“The basic function of the Office of Pretrial Services is to make recommendations to judges in the Superior Court for the County of Santa Clara regarding whether criminal defendants should be released pending trial on a written promise to make their court appearances.” There is a jail division in pre-trial services that gives the initial recommendation to judges and magistrates on whether to recommend the defendant be released on their own recognizance or remain in custody. In fact Santa Clara County is the only county in California that allows an individual to be released from jail without seeing a judge in person. (Pre-Trial Service Audit Report). A common pre-trial service report contains this information; (1) Whether the primary charge is a serious, violent, or gang-related felony, (2) whether the defendant has any other pending criminal charges, (3) the defendant’s criminal history, including two or more case convictions, (4) whether the defendant has a pattern of failing to appear in court based on three or more such failures in the prior three years, prior convictions for failure to appear or escape, or a discernible pattern of failing to appear, (5) whether there is a history of violence, based on two or more convictions for crimes defined as violent by the California Penal Code, including physical violence or weapons use. (6) Length of current residence, including whether they have had three or more addresses in the past year, and/or lacking family in the area, (7) Presence of absence of stable employment or current school attendance, or status as a primary caregiver, (8) history of drug abuse, based on criminal history, (9) presence of a victim in the case, and whether the victim is fearful of the defendant’s release. (Pre-Trial Service Audit Report pg. 36). Based off the information contained in this list, the decision-making tool generats a score of zero to nine points. Scores of less then two are low risk, three to four reflect average risk, five to six reflect above average risk, and scores of seven or higher should be denied release. (Pre-Trial Service Audit Report pg. 37). Based off the 2012 Audit report, judges that were interviewed felt that this information accurately captured factors that are related to the defendant’s success while on release. This list of factors developed in January 2011 when the Office of Pretrial Services began using a new decision-making tool in order to evaluate risk factors in defendants to better assist judges. Pretrial Services decided to use these factors based on their experience with defendants these areas accurately captured the factors that are related to the defendant’s success upon release.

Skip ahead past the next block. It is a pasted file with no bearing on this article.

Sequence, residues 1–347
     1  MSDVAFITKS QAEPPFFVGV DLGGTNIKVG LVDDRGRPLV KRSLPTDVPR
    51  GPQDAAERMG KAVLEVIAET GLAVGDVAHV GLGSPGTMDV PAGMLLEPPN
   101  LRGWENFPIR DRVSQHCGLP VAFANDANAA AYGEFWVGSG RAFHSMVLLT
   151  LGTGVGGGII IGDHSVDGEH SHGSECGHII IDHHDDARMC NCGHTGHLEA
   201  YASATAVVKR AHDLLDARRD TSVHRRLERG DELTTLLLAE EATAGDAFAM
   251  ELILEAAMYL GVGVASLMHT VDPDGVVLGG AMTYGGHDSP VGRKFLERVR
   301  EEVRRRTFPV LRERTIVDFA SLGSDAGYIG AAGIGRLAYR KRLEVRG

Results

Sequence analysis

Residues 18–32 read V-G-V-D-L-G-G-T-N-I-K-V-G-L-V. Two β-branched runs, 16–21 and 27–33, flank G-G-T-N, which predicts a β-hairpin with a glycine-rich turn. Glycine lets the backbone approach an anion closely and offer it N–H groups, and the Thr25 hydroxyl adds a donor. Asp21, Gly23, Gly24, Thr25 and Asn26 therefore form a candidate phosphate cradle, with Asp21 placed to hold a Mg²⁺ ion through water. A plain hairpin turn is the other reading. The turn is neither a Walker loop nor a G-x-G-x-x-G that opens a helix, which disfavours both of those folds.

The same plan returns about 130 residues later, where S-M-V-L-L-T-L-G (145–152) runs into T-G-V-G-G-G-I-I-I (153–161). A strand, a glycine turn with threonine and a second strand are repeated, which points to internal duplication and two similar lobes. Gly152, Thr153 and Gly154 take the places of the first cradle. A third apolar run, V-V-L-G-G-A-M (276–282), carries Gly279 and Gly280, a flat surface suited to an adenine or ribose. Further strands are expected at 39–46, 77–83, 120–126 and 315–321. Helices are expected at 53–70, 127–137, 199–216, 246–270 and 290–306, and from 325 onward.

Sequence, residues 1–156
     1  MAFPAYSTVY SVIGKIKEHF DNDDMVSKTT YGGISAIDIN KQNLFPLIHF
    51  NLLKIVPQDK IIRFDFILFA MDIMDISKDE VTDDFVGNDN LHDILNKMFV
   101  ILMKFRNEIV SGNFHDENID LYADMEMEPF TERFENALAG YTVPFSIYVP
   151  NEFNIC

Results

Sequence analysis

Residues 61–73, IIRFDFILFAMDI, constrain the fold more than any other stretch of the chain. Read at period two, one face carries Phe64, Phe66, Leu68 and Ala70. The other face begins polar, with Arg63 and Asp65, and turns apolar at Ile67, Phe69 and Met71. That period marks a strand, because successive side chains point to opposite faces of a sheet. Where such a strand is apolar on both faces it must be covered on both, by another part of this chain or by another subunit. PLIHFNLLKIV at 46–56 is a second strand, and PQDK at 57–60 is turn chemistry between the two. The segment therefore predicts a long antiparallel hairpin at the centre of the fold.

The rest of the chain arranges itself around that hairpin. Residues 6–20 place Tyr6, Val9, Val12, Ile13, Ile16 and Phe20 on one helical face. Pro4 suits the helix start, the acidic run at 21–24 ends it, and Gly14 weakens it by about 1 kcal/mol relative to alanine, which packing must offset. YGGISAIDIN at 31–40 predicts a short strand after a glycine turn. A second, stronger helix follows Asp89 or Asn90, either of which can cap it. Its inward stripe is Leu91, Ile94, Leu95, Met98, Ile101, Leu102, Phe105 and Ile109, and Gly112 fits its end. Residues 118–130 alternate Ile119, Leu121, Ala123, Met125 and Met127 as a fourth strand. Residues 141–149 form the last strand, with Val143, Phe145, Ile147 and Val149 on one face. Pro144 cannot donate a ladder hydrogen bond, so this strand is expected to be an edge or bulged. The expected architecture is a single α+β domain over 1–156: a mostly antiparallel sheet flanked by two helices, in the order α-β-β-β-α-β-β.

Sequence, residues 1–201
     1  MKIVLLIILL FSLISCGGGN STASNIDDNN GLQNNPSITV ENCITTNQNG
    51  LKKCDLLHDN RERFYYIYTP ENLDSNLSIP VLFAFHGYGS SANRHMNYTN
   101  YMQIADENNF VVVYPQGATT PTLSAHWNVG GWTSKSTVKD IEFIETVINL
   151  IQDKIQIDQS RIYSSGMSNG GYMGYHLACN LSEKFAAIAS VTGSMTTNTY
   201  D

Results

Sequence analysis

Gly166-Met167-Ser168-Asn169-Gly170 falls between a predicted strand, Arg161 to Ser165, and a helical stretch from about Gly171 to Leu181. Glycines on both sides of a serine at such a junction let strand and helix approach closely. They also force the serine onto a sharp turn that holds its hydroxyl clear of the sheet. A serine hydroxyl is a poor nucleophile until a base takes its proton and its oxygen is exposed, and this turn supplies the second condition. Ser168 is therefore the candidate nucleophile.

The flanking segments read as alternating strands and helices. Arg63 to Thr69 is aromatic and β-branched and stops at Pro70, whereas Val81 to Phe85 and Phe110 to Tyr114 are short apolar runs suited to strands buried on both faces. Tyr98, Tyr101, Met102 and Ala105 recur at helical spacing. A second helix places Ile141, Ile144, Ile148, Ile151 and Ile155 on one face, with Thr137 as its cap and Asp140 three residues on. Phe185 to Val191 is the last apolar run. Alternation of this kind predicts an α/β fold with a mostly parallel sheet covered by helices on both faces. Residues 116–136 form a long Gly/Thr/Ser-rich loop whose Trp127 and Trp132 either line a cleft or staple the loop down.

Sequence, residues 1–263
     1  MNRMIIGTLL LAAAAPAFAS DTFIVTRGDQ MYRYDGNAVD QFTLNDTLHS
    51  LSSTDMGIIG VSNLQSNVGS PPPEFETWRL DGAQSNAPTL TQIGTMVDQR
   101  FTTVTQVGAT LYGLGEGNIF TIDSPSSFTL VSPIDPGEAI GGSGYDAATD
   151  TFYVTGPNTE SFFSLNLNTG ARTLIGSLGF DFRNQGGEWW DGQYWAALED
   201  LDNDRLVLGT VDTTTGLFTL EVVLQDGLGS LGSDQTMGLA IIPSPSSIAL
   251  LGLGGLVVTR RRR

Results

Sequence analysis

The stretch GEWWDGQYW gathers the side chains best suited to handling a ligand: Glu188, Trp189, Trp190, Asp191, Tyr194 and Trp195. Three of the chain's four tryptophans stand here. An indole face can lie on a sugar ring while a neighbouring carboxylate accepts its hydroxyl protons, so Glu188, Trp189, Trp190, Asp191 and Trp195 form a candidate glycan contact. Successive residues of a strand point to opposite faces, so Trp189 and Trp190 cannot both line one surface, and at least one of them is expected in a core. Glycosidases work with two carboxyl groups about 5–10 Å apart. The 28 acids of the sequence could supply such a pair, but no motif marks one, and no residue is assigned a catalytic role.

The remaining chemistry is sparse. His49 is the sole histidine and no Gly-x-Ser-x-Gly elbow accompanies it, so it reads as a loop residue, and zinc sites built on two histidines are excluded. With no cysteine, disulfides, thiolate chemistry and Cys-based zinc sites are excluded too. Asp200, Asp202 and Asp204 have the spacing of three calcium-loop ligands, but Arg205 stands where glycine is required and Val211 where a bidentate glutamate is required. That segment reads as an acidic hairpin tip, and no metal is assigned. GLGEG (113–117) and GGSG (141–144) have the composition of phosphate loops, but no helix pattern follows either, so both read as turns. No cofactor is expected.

What information do judges have before setting bail?
I have explained the bail schedule and the pre-trial service report and how those help judges make bail determinations. Typically, when a judge is setting bail at arraignment the judge has the court file; which contains the charges, police reports, etc. The judge also has the bail schedule and pre-trial service report.  So the question is, what weight do judges put on the bail schedule or pre-trial service report? Are judges always following the pre-trial service recommendations? The next post will begin to answer these questions and how what I have discussed so far about judges plays into real practice.
 Based off interview with Santa Clara County Superior Court Judge (anonymous).